In this series of articles I am developing a case that the vision shown to John, recorded in the book of Revelation, favors a conditionalist view of hell (the complete and everlasting destruction of the finally impenitent), despite so frequently being cited as support for a traditional view of hell (their everlasting conscious torment). In part one I began to lay a foundation for this case, demonstrating that John did not see the future as it would unfold through literal images but through vivid, apocalyptic images. In this second part I will continue to lay the foundation by examining one of the most critical keys to proper exegesis of the book of Revelation: its heavy reliance upon Old Testament texts, language and imagery. Continue reading “Annihilation in Revelation, Part 2: In with the Old—in the New”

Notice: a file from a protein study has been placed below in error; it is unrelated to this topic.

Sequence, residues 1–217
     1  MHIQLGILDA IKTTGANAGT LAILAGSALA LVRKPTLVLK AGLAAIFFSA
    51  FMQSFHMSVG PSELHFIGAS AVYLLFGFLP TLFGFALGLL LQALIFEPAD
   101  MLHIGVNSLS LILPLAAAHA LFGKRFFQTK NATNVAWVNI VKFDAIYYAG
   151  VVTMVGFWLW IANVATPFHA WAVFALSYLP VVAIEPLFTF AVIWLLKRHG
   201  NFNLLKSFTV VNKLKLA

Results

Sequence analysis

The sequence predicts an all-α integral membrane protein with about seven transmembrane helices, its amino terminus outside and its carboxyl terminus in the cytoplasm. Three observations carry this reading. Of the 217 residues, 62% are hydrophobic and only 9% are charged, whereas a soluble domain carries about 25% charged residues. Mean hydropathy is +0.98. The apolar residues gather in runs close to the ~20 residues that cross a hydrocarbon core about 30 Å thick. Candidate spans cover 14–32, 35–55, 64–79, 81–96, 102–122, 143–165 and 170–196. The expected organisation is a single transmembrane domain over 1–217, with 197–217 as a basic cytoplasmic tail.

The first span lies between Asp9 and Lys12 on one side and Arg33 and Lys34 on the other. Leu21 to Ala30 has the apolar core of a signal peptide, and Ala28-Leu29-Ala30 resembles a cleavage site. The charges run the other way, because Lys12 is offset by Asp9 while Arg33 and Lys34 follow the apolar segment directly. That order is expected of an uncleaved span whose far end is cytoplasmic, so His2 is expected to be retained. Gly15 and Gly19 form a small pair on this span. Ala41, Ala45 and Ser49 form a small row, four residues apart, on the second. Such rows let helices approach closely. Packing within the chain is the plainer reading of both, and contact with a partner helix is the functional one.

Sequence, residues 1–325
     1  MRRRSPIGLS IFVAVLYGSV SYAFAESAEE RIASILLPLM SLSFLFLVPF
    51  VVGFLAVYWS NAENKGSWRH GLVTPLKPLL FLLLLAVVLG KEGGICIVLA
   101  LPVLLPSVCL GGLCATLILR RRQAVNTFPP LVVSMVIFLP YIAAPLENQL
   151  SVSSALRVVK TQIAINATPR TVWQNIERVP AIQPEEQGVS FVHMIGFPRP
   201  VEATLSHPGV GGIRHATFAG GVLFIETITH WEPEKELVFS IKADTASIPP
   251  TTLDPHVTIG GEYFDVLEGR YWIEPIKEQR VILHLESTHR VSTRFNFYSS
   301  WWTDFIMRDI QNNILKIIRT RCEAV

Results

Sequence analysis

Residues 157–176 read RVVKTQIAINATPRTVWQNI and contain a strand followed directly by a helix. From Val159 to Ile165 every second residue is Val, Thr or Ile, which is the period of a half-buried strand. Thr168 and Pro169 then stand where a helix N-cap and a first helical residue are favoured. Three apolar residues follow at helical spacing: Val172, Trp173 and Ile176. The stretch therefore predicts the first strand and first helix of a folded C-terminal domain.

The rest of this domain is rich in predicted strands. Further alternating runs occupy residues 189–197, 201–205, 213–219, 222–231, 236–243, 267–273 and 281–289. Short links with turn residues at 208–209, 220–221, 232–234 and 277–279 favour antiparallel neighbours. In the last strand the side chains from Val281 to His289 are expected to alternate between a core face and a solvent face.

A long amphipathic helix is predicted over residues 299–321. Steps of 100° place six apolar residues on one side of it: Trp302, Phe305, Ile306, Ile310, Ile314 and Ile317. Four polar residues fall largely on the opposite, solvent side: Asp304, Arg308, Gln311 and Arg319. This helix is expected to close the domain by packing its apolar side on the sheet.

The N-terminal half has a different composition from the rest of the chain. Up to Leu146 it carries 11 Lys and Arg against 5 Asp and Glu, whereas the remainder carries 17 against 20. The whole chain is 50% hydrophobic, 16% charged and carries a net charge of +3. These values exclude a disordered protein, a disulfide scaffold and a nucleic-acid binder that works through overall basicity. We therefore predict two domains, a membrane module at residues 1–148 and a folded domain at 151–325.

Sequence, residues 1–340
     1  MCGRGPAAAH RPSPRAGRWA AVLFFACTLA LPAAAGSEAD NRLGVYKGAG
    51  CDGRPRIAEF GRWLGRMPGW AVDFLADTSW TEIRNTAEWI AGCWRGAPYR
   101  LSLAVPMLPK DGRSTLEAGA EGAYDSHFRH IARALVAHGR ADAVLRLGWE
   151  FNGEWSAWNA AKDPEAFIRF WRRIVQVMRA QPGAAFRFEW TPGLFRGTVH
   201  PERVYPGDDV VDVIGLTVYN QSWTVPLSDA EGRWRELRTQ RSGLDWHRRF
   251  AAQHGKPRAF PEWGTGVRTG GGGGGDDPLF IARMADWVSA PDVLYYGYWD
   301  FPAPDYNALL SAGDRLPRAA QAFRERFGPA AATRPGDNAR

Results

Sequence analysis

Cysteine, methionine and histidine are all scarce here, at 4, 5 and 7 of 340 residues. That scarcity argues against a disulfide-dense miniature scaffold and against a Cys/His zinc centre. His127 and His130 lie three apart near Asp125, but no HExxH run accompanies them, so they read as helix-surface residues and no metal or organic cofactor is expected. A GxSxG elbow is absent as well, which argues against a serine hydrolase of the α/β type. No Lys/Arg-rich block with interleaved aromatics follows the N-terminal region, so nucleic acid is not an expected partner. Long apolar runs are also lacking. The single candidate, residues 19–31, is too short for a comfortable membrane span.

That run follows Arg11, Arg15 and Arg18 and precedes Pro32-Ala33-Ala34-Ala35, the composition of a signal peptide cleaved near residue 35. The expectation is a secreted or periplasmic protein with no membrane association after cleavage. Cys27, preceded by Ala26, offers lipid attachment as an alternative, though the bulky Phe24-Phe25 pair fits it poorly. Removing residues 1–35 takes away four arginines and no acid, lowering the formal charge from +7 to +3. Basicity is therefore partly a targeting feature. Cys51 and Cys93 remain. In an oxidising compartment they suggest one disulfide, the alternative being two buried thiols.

Two passages from the vision shown to John on the island of Patmos, as recorded in the book of Revelation, are the “most debated passages in Revelation concerning the nature of the final punishment.”1Gregory K. Beale, “The Revelation on Hell,” Hell Under Fire: Modern Scholarship Reinvents Eternal Punishment, eds. Christopher W. Morgan & Robert A. Peterson (Zondervan, 2004), 112. In the minds of many traditionalists, however, there is really no debate at all, and the conclusion one must draw from them “is irresistible. Unsaved human beings also will suffer eternal conscious torment.”2Robert A. Peterson & Edward W. Fudge, Two Views of Hell: A Biblical & Theological Dialogue (Spectrum, 2010), Kindle edition, 107. Larry Dixon boldly claims, “There is no exegetical basis whatsoever in [Revelation 20:10] for suggesting that the devil…will be put out of existence at the end of time,”3Larry Dixon, The Other Side of the Good News (Christian Focus, 2003), 112. and that to simply read the text is to refute annihilationism.4Ibid., 113. Robert Morey, with equal boldness, says that “By every rule of hermeneutics and exegesis, the only legitimate interpretation…is the one that clearly sees eternal, conscious torment awaiting the wicked.”5Robert Morey, Death and the Afterlife (Bethany House, 1984), 144.